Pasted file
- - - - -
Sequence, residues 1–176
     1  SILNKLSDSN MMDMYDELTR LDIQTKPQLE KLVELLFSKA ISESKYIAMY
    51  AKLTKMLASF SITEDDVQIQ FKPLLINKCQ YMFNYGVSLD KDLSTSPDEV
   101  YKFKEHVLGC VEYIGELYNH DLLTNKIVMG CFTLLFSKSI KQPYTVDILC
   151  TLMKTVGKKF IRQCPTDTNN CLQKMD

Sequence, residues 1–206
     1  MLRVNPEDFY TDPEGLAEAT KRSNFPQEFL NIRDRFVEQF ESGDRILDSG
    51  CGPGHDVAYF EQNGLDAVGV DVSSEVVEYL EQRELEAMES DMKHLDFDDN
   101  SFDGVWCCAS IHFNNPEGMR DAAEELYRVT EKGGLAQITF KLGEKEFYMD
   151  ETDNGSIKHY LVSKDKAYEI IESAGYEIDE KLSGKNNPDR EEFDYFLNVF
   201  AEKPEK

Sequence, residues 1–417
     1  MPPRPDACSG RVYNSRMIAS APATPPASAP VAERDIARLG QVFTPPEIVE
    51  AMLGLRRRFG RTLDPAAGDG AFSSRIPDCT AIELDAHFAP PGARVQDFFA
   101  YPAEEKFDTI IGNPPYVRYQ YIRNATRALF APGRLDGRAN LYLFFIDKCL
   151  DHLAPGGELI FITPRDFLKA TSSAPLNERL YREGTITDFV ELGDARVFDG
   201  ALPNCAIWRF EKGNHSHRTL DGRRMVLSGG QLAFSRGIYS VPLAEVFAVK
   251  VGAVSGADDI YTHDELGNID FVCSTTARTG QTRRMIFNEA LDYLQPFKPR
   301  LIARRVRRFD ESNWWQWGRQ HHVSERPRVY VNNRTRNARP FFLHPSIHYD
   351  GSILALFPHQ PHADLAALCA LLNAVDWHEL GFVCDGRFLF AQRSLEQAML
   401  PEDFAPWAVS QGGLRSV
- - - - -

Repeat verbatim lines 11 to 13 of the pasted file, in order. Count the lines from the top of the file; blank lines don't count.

   201  AEKPEK

Sequence, residues 1–417
     1  MPPRPDACSG RVYNSRMIAS APATPPASAP VAERDIARLG QVFTPPEIVE